Whitewater Rafting on the Ocoee River: Fun Facts
The Ocoee River is Southeast Tennessee’s iconic whitewater river and provides recreational opportunities for paddlers of all skill levels. The river is dam-controlled at 3 levels creating 3 sections – the upper, middle and lower, each offering very different paddling options.
The Upper Ocoee provides 5 miles of challenging whitewater and should only be attempted by the most experienced paddlers or with a commercial rafting outfitter. The Middle Ocoee is the most popular section of the river, boasting 5 miles of nearly continuous Class III-IV whitewater. After the river spills into Parksville Lake, it calms down for tubing and relaxing paddles. Whitewater rafting on the Ocoee River is available March through October each year. Learn more at TimeToRaft.com.
Here are some fun facts about the Ocoee and how it came to become one of the nation’s best-loved rivers.
FACT # 1: The entire 93-mile long river actually has two names. It’s called the Toccoa River for 56 miles in Georgia. When it reaches the truss bridge at the state line in McCaysville, Ga., and Copperhill, Tenn., the river becomes the Ocoee River and remains so until it empties into the Hiwassee River and eventually the Tennessee River.
FACT # 2: The Ocoee powerhouses, dams and flume line are part of a hydroelectric power project that began in 1910. Constructed by Eastern Tennessee Power Company, this series of historic hydroelectric structures are tucked into the narrow Ocoee River Gorge, all within a stretch of only 12 miles. The first dam, Ocoee Dam No. 1, flooded the farming community of Parksville, so upon its completion it was called Parksville Lake.
FACT # 3: The Ocoee Flume is a unique structure, the only one of its kind in the nation. Constructed of tongue-and-groove California longleaf pine, it resembles a wooden trough snaking along the rock bluffs that line the Ocoee River. Its purpose is to capture the Ocoee River as it pauses at the Diversion Dam, and then force the waters through the narrow flume to the powerhouse to turn the turbines. In 1939 Tennessee Valley Authority (TVA) purchased the powerhouses, dams and flume line.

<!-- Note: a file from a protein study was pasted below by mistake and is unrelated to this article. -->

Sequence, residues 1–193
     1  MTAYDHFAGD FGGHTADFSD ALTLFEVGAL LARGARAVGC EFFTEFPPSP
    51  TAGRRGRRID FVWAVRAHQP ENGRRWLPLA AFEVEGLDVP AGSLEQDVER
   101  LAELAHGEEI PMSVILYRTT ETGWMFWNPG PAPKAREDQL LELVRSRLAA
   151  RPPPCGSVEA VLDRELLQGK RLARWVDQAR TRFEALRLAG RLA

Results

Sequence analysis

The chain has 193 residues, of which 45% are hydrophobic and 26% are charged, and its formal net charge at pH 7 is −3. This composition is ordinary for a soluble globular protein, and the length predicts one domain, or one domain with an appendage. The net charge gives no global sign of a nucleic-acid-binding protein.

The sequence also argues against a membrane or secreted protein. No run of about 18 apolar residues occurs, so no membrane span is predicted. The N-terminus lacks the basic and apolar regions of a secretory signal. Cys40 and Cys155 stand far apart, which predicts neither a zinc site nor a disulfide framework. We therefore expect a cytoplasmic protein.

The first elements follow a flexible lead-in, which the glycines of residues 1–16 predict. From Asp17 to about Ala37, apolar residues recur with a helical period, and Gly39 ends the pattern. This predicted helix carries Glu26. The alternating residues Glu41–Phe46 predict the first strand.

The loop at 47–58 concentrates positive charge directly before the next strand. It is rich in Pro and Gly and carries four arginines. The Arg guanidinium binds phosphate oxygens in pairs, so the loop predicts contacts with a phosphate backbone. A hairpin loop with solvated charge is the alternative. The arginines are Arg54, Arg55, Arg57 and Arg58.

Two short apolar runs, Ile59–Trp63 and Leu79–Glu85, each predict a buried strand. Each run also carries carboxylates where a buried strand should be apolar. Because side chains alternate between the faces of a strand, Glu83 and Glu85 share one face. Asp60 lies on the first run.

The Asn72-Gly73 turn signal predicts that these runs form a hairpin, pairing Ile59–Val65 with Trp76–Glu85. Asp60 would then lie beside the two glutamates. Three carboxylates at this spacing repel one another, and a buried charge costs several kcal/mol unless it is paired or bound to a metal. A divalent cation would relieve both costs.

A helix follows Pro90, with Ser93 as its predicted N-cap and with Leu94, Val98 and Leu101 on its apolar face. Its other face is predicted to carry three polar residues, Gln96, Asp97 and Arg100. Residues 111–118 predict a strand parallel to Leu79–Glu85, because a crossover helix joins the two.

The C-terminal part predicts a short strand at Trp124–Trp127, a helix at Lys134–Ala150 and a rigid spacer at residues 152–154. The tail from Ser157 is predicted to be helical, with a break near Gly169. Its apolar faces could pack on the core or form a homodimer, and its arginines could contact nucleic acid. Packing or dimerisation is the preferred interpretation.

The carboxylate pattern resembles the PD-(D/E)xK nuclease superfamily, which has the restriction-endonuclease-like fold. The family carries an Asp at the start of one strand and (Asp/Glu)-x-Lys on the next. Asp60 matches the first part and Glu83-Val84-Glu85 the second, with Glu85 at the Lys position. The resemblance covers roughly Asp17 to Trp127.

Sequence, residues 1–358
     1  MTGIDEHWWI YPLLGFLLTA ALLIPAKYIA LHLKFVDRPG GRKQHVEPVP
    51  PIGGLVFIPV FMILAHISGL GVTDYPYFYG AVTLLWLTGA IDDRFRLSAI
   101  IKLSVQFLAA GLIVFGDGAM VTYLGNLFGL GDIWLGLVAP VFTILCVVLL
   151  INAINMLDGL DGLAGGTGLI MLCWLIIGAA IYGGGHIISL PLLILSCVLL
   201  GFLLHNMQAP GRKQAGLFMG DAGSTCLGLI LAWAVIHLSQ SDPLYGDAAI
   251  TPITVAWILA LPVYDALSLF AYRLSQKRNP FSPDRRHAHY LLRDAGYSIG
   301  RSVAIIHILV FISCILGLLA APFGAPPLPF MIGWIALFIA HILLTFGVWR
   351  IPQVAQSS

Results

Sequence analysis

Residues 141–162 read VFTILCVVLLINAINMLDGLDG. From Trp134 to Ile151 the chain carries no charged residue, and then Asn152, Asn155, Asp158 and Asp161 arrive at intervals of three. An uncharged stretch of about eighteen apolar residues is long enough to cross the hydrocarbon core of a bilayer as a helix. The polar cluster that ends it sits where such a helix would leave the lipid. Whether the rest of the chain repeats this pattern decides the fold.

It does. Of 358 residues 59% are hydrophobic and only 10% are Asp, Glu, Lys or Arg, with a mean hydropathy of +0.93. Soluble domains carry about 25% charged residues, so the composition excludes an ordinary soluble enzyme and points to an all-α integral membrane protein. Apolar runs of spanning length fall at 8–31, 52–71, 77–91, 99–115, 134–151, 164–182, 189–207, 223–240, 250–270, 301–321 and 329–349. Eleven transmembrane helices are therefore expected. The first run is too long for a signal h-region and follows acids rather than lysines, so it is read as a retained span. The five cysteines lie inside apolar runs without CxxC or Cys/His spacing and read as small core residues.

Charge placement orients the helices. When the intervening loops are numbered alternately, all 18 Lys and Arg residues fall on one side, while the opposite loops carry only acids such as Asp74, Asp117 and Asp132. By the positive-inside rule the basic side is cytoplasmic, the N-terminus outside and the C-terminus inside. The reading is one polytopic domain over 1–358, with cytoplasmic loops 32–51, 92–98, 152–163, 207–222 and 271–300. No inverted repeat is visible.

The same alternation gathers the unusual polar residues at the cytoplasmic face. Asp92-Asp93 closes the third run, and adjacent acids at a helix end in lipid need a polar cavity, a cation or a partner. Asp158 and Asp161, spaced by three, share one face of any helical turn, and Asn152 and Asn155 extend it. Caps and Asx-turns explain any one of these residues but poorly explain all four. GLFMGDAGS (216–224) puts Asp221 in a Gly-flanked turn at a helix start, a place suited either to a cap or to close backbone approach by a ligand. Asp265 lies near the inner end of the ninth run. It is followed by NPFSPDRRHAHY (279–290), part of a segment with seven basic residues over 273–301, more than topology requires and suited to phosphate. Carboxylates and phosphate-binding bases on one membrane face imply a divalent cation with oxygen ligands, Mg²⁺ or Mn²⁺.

FACT # 4: In September 1976, a rock slide heavily damaged the flume line, allowing water to consistently flow down the river bed for the first time since the early 1900s. When this happened, people showed up with army surplus rafts to run the five miles of whitewater rapids. Rafting companies sprang up while TVA hurried to repair the flume to again divert water from the Ocoee. After much resistance and a Congressional Act, TVA agreed to schedule 116 days of recreational water releases per year on the Middle Ocoee River.
FACT # 5: The Upper Ocoee River runs parallel with a section of the historic Old Copper Road, a 47-mile road that was constructed in 1853 to connect the copper mines in Southeast Tennessee’s Copper Basin to the railroad terminus in Cleveland, Tenn. The 12 miles that winds through the Ocoee Gorge is known as the Ocoee National Forest Scenic Byway, the nation’s first National Forest Scenic Byway. A 5-mile restored section of the original roadbed can be found at the Ocoee Whitewater Center, near Ducktown, Tenn., where it is open to the public as a hiking and biking trail.
FACT # 6: The Ocoee River was the site of the 1996 Olympic Canoe and Kayak Competition, serving that year as the only Olympic venue outside the state of Georgia. The Olympic Village, housing the whitewater athletes, was located at Lee University in nearby Cleveland, Tenn.
FACT # 7: Hiwassee/Ocoee Scenic River State Park helps to manage the Ocoee and Hiwassee rivers. In addition to river responsibilities, the state park manages Gee Creek Campground and a number of trails. The state park visitor center is located in Delano, Tenn.